On Responsibility (and Water Bottles)

On Responsibility (and Water Bottles)

How a Kanye-ism became quirky shorthand in my life
kanye west, responsibility, february 2016 letter from the editor on responsibility

By Megan Collins | Last Updated: Jun 23 2022 | 6 min read

This month I’ve been thinking about responsibility, and the role it plays in our lives.

Kanye West has said many things in his life that have assumed a place in the cultural lexicon – some pointed and political (“George Bush doesn’t care about black people”) and some silly (“Imma let you finish…”) – but the one I think of most often is this gem:

kanye west, responsibility

The rapper, designer, and Kardashian-marrier tweeted this missive a few years back and I still use it to this day.

What I love is the conflict of it all. “Now I gotta be responsible for this water bottle.” It’s not that he’s unwilling. That he’ll take responsibility isn’t even in question. It’s that, as a decent human being, he finds it to be his duty to assume this new plastic charge for care. Because that’s what you do. You man up.

This Kanye-ism has become quirky shorthand in my life for the burdens we bear, the struggle we feel at the growing pains of life, and challenges of adulthood. Our responsibilities. Our water bottles.

Responsibility is a funny thing. Defined as “the state or fact of being accountable or to blame for something,” it sounds…heavy, right? Even so, the true meaning of the word is nevertheless abstract, like love. What is love? It’s not always pure. It’s not always given – or received – willingly with heart and hands open, or assumed without hesitation or pause. Why? Because responsibility – like love – isn’t generally all upside or downside. It’s more complicated than that.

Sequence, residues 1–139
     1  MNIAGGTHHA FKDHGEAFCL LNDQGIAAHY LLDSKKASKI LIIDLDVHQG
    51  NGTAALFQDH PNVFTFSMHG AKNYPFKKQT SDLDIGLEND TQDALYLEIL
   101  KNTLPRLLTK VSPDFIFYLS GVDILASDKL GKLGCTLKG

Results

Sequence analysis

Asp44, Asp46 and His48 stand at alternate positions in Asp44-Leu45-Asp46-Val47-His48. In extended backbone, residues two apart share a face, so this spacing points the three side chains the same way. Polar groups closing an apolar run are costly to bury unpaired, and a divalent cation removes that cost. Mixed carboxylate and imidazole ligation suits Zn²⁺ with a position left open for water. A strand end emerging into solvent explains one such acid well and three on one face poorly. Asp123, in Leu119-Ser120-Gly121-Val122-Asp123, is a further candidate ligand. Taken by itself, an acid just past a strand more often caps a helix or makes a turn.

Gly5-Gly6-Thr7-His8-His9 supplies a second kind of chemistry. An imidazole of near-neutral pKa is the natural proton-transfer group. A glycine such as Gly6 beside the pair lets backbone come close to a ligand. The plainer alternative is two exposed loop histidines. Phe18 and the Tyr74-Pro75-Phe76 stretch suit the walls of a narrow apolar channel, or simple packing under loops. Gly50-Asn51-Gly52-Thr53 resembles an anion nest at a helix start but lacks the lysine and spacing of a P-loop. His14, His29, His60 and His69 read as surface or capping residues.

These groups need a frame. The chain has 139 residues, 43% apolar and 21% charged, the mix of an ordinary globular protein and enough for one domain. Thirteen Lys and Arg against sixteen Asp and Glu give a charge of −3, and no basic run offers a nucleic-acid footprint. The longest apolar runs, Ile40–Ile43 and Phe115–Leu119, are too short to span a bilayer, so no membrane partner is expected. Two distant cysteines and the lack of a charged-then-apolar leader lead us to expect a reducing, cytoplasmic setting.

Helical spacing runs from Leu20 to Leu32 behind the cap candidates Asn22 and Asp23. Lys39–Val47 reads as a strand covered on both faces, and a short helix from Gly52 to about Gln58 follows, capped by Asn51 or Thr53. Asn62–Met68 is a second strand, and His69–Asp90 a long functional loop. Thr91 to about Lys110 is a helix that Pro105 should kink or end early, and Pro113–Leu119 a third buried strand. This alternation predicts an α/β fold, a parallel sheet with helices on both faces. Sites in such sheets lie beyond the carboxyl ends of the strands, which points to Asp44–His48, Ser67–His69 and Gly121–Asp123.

Sometimes we take on responsibility eagerly – as with a new job or promotion, or a physical goal, like running a marathon. We want to lead a team of ten sales managers across the tri-state area. We commit ourselves to run on a regular schedule and adopt a diet that fuels our body with the right nutrients to see us through to the finish line. We scramble for new responsibilities not because we already know how to do them well, but because in the learning is how we grow. How we thrive.

Of course, it also sometimes happens that – even with the best of intentions – you ultimately shirk said-responsibility. Which is how you wind up with a torn hamstring at mile 15, or collecting unemployment when you don’t meet your quarterly revenue goals.

Other times, you meet responsibility somewhere in the middle. Because I’m a grown woman who’s definitely got her priorities straight, I know that tween heartthrob Louis Tomlinson of the British boy band One Direction recently fathered a baby with an LA-based “stylist” who I feel pretty confident he was not looking to start a family with at 23 years old (the press release announcing the pregnancy described them as “not in a relationship but great friends”), but now there’s a baby and the statement issued is that he’s “thrilled.” Now he’s gotta be responsible for this water bottle. For 18 years.

Sometimes you reject the responsibility completely, crossing your arms and closing your eyes to the reality of what’s in front of you.